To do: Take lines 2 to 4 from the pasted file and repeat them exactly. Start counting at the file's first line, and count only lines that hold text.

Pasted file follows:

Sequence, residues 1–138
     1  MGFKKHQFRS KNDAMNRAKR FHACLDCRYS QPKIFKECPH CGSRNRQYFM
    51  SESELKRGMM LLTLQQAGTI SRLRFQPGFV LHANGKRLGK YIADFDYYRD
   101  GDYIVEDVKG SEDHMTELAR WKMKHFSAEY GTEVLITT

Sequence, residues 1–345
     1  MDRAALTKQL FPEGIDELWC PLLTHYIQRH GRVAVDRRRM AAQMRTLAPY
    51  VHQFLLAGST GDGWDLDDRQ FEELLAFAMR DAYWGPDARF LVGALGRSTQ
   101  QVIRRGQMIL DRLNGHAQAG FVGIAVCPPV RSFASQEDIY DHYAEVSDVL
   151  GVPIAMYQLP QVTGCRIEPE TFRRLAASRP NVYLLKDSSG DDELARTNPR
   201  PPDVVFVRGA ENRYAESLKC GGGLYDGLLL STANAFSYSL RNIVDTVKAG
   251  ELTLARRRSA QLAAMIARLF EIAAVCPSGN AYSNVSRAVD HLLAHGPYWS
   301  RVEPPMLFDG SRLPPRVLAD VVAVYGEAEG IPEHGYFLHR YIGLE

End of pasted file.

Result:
     1  MGFKKHQFRS KNDAMNRAKR FHACLDCRYS QPKIFKECPH CGSRNRQYFM
    51  SESELKRGMM LLTLQQAGTI SRLRFQPGFV LHANGKRLGK YIADFDYYRD
   101  GDYIVEDVKG SEDHMTELAR WKMKHFSAEY GTEVLITT